And beginning in 1906 or thereabouts, Horton Corbett served as organist and choir director under The Rev. Peter Gray Sears for twenty years. In 1920 the vestry allowed Mr. Corbett $1,800 a year for paid singers, and in 1921, in order to keep him from going to another church, they raised his salary to $1,620 a year. (It was evidently a period when churches in the city were jostling for the best musicians. In 1928 or so, the vestry raised the tenor’s salary $5 a month to counter an offer from Palmer Memorial.) A misunderstanding ended the good relationship between rector and organist, and in 1926 Mr. Corbett resigned.

George Crampton, a prominent voice teacher in the city, then served as choirmaster, and Lora Nelson was the organist. Miss Nelson was followed in the early thirties by Harry Girard.

When The Rev. James Pernette DeWolfe came to Christ Church as rector in 1934, he brought in as his assistant The Rev. George W. Barnes, an outstanding musician and trainer of boys’ voices. Mr. Barnes served as organist until 1937, when he accepted a call from St. Thomas Church in Denver. During his time in Houston, he led the formation of an Episcopal Choral Union in which all choirs in the county were invited to join.

After much research and letter writing, Dr. DeWolfe chose Edward B. Gammons, then organist and choirmaster of St. Stephen’s Church in Cohasset, Massachusetts, to be the new organist. A graduate of Harvard with a degree in music and the fine arts, Ned Gammons was also highly knowledgeable on the subject of organ building—and Dr. DeWolfe was aware that Christ Church needed a new organ. Mr. Gammons got to put his knowledge to use—a fire destroyed the church’s sanctuary and old organ in 1938, and he designed the Edwin Robinson Spotts memorial pipe organ, the Aeolian-Skinner instrument presently in use. It was dedicated the following year during Christ Church’s centennial celebration. The anthem written by Everett Titcomb for the celebration service is dedicated to Edward Gammons.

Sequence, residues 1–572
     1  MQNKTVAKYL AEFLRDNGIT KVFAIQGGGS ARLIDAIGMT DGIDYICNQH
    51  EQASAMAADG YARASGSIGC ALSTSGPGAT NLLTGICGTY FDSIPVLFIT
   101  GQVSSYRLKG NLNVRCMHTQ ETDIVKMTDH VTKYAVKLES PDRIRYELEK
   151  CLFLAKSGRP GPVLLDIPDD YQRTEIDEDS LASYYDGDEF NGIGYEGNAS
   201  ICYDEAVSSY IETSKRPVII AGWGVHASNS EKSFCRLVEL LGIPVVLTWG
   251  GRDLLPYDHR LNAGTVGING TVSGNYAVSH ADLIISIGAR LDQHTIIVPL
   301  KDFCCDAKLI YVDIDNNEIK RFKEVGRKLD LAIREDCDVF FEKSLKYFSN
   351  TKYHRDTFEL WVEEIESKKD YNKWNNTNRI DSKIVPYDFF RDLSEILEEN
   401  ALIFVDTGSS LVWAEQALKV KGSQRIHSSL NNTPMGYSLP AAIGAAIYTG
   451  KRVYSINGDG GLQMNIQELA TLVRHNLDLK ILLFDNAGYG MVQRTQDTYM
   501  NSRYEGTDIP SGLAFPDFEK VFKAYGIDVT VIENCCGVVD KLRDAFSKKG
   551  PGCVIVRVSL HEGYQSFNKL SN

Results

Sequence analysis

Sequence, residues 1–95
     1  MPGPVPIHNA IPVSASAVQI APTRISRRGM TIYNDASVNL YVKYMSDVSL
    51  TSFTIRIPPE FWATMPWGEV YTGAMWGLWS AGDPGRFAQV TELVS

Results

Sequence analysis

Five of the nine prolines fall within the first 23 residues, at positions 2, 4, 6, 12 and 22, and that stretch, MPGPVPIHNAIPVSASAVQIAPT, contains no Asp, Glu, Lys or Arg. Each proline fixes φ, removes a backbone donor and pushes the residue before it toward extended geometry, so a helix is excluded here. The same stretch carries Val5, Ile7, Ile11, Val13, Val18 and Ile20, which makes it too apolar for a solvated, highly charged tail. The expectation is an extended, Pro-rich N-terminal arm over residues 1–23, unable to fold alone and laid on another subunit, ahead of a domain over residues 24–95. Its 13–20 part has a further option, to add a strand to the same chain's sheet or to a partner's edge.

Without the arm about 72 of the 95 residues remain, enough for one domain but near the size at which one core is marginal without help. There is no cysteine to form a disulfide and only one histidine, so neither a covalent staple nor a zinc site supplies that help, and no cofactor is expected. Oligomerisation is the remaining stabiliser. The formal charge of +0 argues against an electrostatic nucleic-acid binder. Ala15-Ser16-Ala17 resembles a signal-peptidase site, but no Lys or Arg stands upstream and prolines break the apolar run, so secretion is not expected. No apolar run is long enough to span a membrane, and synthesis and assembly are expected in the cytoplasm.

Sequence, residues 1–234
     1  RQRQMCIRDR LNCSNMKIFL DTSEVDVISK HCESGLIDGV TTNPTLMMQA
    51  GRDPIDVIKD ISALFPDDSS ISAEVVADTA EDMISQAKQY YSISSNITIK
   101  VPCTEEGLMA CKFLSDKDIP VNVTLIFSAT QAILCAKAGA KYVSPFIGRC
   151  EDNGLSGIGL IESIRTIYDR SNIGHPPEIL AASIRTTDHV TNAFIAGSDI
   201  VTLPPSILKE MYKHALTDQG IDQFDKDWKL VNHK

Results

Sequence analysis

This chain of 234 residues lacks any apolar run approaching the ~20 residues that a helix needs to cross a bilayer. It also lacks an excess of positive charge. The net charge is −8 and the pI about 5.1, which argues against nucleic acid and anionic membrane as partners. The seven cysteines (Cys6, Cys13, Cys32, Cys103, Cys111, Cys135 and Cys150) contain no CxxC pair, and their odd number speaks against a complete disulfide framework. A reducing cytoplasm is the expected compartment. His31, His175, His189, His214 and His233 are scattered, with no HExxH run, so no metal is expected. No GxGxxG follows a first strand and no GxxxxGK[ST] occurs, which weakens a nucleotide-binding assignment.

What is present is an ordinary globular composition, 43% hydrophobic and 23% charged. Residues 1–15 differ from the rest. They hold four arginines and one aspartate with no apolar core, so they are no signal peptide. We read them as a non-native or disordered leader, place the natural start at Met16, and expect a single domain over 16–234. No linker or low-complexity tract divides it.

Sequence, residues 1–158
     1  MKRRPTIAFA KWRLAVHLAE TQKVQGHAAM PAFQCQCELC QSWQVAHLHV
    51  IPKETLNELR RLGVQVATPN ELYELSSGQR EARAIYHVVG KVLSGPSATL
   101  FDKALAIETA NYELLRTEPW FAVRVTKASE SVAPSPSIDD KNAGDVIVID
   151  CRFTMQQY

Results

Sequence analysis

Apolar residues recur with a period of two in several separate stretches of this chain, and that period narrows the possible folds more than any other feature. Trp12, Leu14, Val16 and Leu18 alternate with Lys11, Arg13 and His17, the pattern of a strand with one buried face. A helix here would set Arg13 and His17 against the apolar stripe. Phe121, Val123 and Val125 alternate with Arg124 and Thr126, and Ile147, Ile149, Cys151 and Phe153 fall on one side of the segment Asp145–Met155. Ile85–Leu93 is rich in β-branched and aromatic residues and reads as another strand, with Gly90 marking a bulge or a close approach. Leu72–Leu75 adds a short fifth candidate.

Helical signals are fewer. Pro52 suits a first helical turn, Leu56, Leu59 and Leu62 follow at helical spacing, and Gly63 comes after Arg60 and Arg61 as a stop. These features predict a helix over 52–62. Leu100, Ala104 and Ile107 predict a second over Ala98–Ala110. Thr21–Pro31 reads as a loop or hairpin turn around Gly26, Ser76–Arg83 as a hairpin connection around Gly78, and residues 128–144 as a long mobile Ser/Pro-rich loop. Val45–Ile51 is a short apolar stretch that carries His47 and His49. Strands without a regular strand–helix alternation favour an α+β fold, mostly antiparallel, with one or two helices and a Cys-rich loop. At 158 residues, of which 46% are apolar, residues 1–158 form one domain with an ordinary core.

The distinguished organ builder G. Donald Harrison had this to say about Christ Church’s new organ in a letter to his friend William King Covell dated April 5, 1939:

Ned Gammons’ organ really turned out very well considering the awful acoustics of the church and the presence of a very heavy wood screen which imparted a kind of Harvard Chapel effect [i.e., the organ sounded good in the chancel but was difficult to hear from the nave]. Ned, however, has done a splendid job in obtaining a really fine chamber with adequate openings, and this saved the day. The most encouraging thing is the way the people of the South have reacted to the organ. Everybody is crazy about it, and people come from far and wide to hear it. After all, they have heard nothing down there but Pilchers and Wicks, and other instruments of similar type. (Charles Callahan, The American Classic Organ: A History in Letters , 179).

In 1940 Dr. DeWolfe went to New York to become the dean of St. John the Divine, and the next year the Rev. John E. Hines became rector; Mr. Gammons resigned to take a position at Groton School.